"If it ain't Menger or his direct student Eugene [sic] Von BB, it ain't Austrian. Sorry #Mises : respectfully, too many mistakes were made."~ August 10 tweet by Sandeep Jaitly
Last week the Keiser Report, hosted by Max Keiser, featured a segment with Sandeep Jaitly, a follower of Antal Fekete and the author of the above tweet. Now, Jaitly doesn't seem like the worst fellow in the world, so I don't relish criticizing him, but saying Mises made too many deviations to be considered an Austrian economist is really too much.
On subjectivism, on reverse imputation, on "cost of production," on method, on marginal utility, on the origin of money — on everything we remember Menger for, in other words — Mises was a Mengerian, and thus an Austrian. One would hardly suppose there could be any controversy in this at all.
Jaitly's tweet evidently piqued Keiser's curiosity. What, he asked, are these Misesian mistakes?
"His mistakes were too great to elaborate on on the show," Jaitly replied, and proceeded to list a few (see below). But after saying Mises's mistakes "were too great to elaborate on," he went on to say,
It's not insulting or denigrating what von Mises has done. He was certainly the greatest economist of the 20th century. It's just that he made a slight few errors of observation. That's all.
So were Mises's alleged errors too great even to be able to discuss, or were they "a slight few errors of observation"? If the latter, how could such slight errors justify expelling Mises from the Austrian canon? And if, as Jaitly concedes, Mises really was "the greatest economist of the 20th century," what does it say about the Austrian School to which Jaitly claims to belong that the century's greatest economist didn't qualify as an Austrian?
Keiser went ahead and promoted this episode as discussing the "real Austrian economics of Carl Menger versus the fake Austrian economics of Ludwig von Mises."
According to Jaitly, Mises's first error was that he "didn't look back to Menger's original axiom, which is that value is not outside your own consciousness [i.e., value is subjective]." Jaitly, then, is saying that Menger embraced the concept of subjective value, and that Mises rejected, or "didn't look back to" it.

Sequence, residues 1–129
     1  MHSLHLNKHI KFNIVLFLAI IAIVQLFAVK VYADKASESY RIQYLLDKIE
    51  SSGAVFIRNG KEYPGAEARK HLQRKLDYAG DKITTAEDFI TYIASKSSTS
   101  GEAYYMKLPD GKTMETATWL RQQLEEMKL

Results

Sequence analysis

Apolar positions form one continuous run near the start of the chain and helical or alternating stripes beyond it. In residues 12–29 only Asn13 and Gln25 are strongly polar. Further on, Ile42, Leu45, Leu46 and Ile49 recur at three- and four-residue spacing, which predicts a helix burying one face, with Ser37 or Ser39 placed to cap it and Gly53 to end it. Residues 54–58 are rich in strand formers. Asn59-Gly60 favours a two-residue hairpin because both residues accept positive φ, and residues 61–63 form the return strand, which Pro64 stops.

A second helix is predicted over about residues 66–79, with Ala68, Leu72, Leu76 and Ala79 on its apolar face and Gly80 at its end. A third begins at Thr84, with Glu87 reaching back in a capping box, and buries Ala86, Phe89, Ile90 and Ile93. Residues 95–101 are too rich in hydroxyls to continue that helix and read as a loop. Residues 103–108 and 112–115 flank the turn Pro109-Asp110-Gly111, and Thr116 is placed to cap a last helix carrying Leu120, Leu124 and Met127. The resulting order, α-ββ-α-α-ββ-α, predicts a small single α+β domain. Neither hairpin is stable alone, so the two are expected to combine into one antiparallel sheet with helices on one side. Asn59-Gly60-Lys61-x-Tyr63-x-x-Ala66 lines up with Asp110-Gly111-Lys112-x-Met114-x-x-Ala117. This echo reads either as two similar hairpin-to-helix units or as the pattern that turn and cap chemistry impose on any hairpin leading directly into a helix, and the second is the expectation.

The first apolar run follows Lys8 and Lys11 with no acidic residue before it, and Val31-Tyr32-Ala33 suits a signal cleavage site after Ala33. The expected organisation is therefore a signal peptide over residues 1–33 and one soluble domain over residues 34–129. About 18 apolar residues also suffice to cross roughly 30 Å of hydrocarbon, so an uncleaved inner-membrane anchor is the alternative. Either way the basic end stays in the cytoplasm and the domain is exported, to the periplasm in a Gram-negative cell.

Exactly the opposite is true. If anything, so many times does Mises insist that value is subjective that he may have feared he was trying the reader's patience. Robert Wenzel, in his own critique of Jaitly, chose an illustrative quotation from Mises perhaps at random: "Value is not intrinsic, it is not in things. It is within us; it is the way in which man reacts to the conditions of his environment."
Quotations like this could be multiplied many times over. I cannot fathom what Jaitly could have had in mind.
In fact, while Jaitly claims Menger as the believer in subjective value as against the deviationist Mises, the truth is the very opposite: in chapter 5 of Epistemological Problems of Economics, Mises actually criticized Menger for being insufficiently subjectivist.
Jaitly further contends that "Mises didn't like to admit that interest was a market phenomenon. He sort of wanted to imply that it's a natural consequence of not having a present good."
This claim is so at odds with Mises's words that one is left breathless at its sheer daring. Mises never denied that interest is a market phenomenon. The whole point of his business-cycle theory is that deviation from market rates of interest by means of artificial credit expansion leads to malinvestments that culminate in a bust.
Mises does not say interest is "a natural consequence of not having a present good." Merely not having something yields no natural consequence. Mises says people prefer a good in the present to the same good in the future, such that they would opt for the future good only at a premium. This premium reflects their time preference, or their discount of the future. Interest rates that arise on the market reflect these time preferences of individuals in society.
To say that Mises did not believe interest was a market phenomenon because its origins lay in individuals' time preferences is like saying he didn't believe prices were a market phenomenon because their origins lay in individuals' subjective valuations. In each case, the market takes a subjective factor (individuals' value scales in the case of prices, and individuals' time preferences in the case of interest) and gives it objective expression — market prices in the former case, and the interest rate in the latter case.